Whether Ogre3d is the best or viable depends entirely on the type of game. In the industry, what often happens is you use something like Ogre3d (or IdTech, or Source, or Unreal) as a starting point and build on it from there depending on your needs and requirements.
For instance, compare a game like GTA IV to Modern Warfare 2. The rendering requirements are completely different.
GTA IV has a day-night cycle, a weather system, fast moving vehicles, tons of light sources from cars to street lamps, a lot of animated actors on the screen, and it's an huge open world. GTA IV runs around 30hz and the gameplay is such that some input lag is tolerable.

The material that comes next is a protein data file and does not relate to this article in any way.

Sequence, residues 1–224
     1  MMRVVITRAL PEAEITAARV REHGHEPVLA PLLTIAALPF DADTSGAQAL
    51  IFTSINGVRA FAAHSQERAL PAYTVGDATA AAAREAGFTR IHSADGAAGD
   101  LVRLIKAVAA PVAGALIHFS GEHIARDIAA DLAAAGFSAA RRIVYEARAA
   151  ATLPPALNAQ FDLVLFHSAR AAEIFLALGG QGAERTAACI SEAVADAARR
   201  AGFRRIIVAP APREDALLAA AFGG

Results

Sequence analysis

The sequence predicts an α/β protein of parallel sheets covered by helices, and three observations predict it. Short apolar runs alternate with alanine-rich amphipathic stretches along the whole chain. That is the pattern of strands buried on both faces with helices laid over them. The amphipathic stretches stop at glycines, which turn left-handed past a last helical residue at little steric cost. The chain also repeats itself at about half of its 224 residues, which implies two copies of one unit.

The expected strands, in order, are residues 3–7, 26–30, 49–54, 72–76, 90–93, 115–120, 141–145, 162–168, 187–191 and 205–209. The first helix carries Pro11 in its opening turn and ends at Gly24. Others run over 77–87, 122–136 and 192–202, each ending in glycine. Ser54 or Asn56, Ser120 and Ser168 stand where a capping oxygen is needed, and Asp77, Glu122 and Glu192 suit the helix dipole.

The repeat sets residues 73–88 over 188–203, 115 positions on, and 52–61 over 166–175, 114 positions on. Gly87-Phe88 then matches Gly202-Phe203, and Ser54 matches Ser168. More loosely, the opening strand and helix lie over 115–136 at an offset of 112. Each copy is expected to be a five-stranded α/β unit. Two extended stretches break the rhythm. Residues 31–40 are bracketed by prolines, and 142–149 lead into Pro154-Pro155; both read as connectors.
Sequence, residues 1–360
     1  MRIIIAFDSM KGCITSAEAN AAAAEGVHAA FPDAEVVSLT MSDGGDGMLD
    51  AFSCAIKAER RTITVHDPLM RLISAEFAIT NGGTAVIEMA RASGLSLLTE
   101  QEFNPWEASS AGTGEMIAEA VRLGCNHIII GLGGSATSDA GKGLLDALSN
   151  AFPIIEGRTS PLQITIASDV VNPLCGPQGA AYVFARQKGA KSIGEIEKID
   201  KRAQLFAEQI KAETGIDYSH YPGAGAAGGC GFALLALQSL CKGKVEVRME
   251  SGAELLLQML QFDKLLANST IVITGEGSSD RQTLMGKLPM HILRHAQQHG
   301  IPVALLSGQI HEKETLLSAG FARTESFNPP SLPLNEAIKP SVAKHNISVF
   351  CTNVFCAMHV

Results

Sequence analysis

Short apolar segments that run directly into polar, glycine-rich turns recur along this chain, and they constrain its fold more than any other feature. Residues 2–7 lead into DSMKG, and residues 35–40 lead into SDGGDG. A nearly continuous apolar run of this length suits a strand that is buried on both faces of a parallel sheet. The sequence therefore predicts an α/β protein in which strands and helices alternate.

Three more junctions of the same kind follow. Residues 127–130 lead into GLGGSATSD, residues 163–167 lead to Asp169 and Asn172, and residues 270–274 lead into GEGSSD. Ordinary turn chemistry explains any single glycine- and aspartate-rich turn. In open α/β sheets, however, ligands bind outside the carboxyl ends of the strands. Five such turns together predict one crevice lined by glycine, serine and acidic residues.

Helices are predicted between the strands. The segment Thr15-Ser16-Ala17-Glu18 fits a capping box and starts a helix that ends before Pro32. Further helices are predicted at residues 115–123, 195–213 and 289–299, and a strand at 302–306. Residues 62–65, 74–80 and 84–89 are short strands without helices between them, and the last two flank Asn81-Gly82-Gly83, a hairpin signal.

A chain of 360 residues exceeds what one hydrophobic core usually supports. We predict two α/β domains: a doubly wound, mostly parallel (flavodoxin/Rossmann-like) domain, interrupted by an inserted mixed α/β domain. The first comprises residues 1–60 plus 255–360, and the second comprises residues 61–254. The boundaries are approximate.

MW2 is an fps with few vehicles, lots of explosions and screen effects, relatively few actors on screen, textures that your camera can go right up against, and a mostly predictable path through a pretty small world. MW2 runs at 60hz and input lag severely impacts gameplay.
It's impossible to make a rendering engine that's optimal for both kinds of games.
Ogre3d could be a good starting point for what you're trying to do, but as Ranieri said, don't be afraid to get your hands dirty.